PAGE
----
The Bobcat is a North American mammal, which lives in many parts of North America. The Bobcat has 12 recognized subspecies (of which the most common subspecies is the Mexican Bobcat, as all other subspecies don't have true names besides scientific names). It has distinctive black bars on its forelegs and a black-tipped, stubby tail, from which it derives its name. Bobcats usually eat rabbits or hares, but they can eat other things like chickens, small rodents, and even deer. Prey selection depends on location and habitat, season, and abundance. Like most cats, the bobcat is territorial and largely solitary, although with some overlap in home ranges.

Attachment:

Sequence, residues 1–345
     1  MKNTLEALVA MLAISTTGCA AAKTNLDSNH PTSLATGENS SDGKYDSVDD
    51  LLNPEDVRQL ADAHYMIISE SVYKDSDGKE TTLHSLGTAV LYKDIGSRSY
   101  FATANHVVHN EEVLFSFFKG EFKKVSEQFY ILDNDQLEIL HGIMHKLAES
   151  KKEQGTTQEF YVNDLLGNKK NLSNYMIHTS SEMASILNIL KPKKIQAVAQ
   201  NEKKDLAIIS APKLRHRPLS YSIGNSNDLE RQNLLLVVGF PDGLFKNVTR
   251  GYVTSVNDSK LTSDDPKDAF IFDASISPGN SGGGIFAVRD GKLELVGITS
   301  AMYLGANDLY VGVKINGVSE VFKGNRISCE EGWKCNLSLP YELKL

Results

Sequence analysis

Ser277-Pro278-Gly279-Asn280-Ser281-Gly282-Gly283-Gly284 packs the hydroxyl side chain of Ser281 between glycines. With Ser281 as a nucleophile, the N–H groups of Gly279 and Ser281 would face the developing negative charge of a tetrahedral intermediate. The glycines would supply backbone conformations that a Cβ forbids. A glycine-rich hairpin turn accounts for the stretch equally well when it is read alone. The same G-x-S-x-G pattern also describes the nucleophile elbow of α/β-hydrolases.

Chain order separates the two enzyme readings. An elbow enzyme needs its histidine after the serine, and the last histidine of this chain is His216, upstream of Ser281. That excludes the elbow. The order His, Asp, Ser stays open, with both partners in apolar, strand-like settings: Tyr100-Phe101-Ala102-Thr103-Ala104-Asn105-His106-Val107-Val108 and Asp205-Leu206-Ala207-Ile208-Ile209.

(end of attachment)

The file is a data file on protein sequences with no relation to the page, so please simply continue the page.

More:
Its coat is variable, though generally tan to grayish-brown, with black streaks on the body and dark bars on the forelegs and tail. Its spotted patterning acts as camouflage. The ears are black-tipped and pointed, with short, black tufts. There is generally an off-white color on the lips, chin, and underparts. Bobcats in the desert regions of the southwest have the lightest-colored coats, while those in the northern, forested regions are darkest. Kittens are born well-furred and they already have their spots.